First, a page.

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Filter tips 2 – more fun with FILTER()

Author: Simon Hurst

Published: 09 Aug 2022

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Last time we saw how, in the new era of Dynamic Arrays, the SUM() function can be combined with the new FILTER() function to provide a more flexible way to calculate conditional aggregate values, potentially replacing the use of the likes of SUMIFS() and AVERAGEIFS(). This time we will take this idea a little further to show how we can construct an aggregate formula to include all the items that are matched against an entire list of criteria values.

Last time, we looked at how the combination of the SUM() function and the Dynamic Array FILTER() function could be a more flexible substitute for SUMIF(), SUMIFS() and the other similar conditional aggregate functions. In particular, we examined the use of Boolean logic to create combinations of AND and OR functions. In this article, we are going to see how we can use FILTER() to aggregate values that match one of many different criteria.

As we saw last time, we can use the + operator to include values that match either of two possible values, in the case of this example, the values in cells A3 or B3:

=SUM(FILTER(Invoices[Quantity],(Invoices[Country]=$A$3)+(Invoices[Country]=$B$3),0))

Were we to extend our list of criteria values, we could just add more + elements to our FILTER() include argument:

=SUM(FILTER(Invoices[Quantity],(Invoices[Country]=$A$3)+(Invoices[Country]=$B$3)+(Invoices[Country]=$C$3),0))

However, as we add further items to our list of possible matches, we would need to change our formula manually. It’s tempting to try comparing the column of countries in our Table to the list of criteria countries, but as you can see below, this results in a #N/A error, because, whichever way round we put our two ranges, if they don’t contain the same number of items, the ‘extra’ items will cause #N/A errors. In any case, the comparison is performed by just comparing each pair of items in order, rather than checking to see if any of the rows in one list match those in the other list. So, in the following example only the third item returns TRUE because each list contains ‘Finland’ as the third item:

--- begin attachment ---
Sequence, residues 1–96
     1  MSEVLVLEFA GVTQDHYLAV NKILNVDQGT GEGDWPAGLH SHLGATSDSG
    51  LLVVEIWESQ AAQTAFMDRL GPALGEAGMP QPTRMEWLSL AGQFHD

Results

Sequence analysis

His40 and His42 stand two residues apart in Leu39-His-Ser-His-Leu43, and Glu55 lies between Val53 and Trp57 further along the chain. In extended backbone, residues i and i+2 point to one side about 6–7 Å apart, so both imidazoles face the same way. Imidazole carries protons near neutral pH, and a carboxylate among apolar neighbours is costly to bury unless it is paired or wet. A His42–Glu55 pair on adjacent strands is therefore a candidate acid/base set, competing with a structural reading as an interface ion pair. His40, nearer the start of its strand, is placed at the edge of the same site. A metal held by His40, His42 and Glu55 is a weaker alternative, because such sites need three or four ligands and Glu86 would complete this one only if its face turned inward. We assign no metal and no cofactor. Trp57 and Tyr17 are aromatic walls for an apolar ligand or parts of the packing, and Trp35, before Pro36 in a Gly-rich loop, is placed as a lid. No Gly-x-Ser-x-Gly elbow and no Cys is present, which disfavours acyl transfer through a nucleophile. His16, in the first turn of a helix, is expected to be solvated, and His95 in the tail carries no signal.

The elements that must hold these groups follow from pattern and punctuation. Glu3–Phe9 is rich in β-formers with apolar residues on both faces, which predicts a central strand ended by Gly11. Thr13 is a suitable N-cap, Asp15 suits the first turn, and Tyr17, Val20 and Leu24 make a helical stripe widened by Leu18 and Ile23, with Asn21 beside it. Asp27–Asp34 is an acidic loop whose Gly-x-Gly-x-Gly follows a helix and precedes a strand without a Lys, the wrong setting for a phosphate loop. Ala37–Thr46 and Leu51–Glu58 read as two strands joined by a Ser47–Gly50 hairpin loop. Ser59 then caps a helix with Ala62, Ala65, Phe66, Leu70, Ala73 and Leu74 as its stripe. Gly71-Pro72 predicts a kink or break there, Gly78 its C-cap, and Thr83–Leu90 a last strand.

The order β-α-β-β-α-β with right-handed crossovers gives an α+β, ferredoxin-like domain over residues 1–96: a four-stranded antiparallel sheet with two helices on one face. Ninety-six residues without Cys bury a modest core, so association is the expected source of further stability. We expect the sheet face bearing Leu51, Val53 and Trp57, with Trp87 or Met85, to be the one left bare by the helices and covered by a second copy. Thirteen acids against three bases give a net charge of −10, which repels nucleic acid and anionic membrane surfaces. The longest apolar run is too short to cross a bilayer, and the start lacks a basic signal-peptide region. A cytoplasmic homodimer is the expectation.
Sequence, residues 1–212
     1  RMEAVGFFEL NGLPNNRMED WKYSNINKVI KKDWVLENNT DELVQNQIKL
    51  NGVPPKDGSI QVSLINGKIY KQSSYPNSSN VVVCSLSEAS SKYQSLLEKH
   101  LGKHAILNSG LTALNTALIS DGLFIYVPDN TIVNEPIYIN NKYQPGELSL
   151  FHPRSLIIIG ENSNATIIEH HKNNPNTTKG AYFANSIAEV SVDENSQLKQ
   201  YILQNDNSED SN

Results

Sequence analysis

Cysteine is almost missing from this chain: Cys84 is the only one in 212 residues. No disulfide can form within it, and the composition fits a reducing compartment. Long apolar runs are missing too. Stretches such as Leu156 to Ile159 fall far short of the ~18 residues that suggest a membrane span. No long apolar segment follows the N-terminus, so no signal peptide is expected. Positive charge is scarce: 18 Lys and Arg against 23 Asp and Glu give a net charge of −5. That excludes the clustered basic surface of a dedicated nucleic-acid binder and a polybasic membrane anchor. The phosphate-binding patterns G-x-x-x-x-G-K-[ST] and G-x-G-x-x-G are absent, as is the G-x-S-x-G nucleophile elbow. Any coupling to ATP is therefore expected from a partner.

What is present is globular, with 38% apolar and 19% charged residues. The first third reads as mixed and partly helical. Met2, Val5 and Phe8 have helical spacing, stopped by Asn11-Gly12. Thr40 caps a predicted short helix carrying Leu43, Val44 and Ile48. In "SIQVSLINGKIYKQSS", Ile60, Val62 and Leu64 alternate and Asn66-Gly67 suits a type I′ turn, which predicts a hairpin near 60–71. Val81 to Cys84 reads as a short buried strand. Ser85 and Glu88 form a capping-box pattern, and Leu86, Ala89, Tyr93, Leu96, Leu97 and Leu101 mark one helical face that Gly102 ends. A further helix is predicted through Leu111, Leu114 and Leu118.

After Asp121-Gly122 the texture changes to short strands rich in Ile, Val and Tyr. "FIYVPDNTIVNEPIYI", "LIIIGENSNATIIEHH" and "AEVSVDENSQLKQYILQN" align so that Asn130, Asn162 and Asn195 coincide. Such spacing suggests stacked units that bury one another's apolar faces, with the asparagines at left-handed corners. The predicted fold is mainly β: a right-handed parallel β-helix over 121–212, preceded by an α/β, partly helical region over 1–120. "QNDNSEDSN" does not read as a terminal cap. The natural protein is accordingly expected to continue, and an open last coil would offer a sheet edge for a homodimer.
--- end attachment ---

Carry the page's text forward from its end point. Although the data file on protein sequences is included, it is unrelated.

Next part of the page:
Excel screenshot

To avoid this, we can use another of the FILTER() superpowers that we used in the previous article: the ability to manipulate ranges with functions. The MATCH() function allows the comparison of an item against a list of items and returns the position of each match in the list. This allows us to use MATCH() within our SUM(), FILTER() formula. However, this is not completely straightforward. First of all, it is important that you get the two ranges the right way round in the MATCH() function. We need our FILTER() ‘include’ argument to return TRUE or FALSE for each of the items in our Invoices Table. In the era of Dynamic Arrays, MATCH() will return a separate result for each item in the first. Lookup_value, argument. For our FILTER() formula to work correctly, we need the same number of items in the first two arguments. Accordingly, the first argument in MATCH() must refer to the column in our Invoices Table, rather than to our list of criteria countries:

=SUM(FILTER(Invoices[Quantity],MATCH(Invoices[Country],
Countries[Countries],0)))

This is not the end of the story. The above formula will return a #N/A error because MATCH() returns a position index number when there is a match and a #N/A error when there is no match. We need to convert each of these values into something that FILTER() will recognise as either TRUE or FALSE. There are different ways to achieve this, the IFERROR() function could be used with errors set to return 0:

=SUM(FILTER(Invoices[Quantity],IFERROR(MATCH(Invoices[Country],
Countries[Countries],0),0)))

This works because Excel treats 0 as FALSE and any number other than zero as TRUE, so the actual value that MATCH() returns where there is a match doesn’t matter.

The preferred solution in several of the Excel Internet forums is to use the ISNUMBER() function. This is slightly simpler than using IFERROR() as it avoids the need to set a value for errors, instead it automatically treats errors as FALSE and matches as TRUE:

=SUM(FILTER(Invoices[Quantity],ISNUMBER(MATCH(Invoices[Country],
Countries[Countries],0))))

Excel screenshot

As we have set our list of countries up as an Excel Table, all we have to do is to add further countries in the Table to recalculate our value:

Excel screenshot